A variety of studies in recent years have revealed that private school voucher schemes don’t live up to their promises of giving families better options and improving public schools through competition. Now a new study reveals that private schools most available to the low-income families that vouchers are supposed to help tend not to offer academic benefits over public schools.
The report, Private Schooling in the U.S.: Expenditures, Supply, and Policy Implications, comes from an extensive examination of 1,500 private schools nationally. It was jointly published by the Education and the Public Interest Center at the University of Colorado at Boulder and the Education Policy Research Unit at Arizona State University.
In short, the report reveals that the cost and quality of private schools is strongly associated with the religious affiliation of the schools. Non-Catholic Christian schools tend to cost the least, but those schools also tend to pay teachers the least, have teachers with the weakest academic records, have higher student-to-teacher ratios, and have the lowest student test scores. According to the study, Catholic schools tend to approximate public schools in those categories.
More expensive private schools — many of them Hebrew and independent (generally not religiously affiliated) day schools — typically spend more on education resources, but often their tuition costs aren’t even close to covered by vouchers (which typically are worth about the cost of educating a student in public schools). As a result, many of those better-performing private schools remain out of the reach of even low-income families with vouchers.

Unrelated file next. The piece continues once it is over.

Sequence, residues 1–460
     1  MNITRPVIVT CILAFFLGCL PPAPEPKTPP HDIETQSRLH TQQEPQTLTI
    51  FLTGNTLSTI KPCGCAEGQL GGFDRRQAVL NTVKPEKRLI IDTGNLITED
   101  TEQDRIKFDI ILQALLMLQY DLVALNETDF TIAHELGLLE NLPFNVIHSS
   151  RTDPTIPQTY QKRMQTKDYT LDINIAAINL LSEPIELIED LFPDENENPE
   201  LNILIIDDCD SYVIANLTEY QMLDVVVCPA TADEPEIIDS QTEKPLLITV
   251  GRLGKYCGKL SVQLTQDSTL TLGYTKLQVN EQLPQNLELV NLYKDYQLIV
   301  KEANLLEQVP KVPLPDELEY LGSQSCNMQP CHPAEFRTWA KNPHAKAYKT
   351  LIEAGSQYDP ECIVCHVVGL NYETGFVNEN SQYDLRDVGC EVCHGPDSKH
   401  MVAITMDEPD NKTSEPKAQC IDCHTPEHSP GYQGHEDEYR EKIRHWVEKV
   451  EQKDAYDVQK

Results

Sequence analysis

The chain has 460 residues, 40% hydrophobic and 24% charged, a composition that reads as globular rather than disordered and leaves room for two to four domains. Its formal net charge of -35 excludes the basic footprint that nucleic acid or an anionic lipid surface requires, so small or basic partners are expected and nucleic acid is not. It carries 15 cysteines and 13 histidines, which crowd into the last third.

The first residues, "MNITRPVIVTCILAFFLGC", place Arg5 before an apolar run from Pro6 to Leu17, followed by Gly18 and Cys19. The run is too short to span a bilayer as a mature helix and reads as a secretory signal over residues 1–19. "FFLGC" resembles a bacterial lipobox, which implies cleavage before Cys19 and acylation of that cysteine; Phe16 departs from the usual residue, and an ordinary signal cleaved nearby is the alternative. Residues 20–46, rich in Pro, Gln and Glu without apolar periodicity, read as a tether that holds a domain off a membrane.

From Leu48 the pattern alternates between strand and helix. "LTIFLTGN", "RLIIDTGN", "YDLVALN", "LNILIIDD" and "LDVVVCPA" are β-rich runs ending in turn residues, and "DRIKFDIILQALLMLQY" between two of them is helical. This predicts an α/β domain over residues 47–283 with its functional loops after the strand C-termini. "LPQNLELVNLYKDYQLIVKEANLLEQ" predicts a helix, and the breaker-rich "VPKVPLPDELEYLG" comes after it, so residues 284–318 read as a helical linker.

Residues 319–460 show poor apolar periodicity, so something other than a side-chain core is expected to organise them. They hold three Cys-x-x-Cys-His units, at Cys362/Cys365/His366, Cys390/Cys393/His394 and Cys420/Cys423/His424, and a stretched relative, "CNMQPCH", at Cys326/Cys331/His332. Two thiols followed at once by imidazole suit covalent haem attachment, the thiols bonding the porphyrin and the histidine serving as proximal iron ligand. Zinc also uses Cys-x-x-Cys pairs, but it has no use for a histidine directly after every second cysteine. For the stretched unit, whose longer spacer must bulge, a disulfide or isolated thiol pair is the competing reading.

So what does this mean? Vouchers often take money from neighborhood schools to pay tuition at nonpublic schools that typically don’t do a better job educating their students. Worse, as the Texas Freedom Network has repeatedly pointed out, those voucher schools don’t have to meet the same standards as public schools and are unaccountable to taxpayers. Such a deal, right?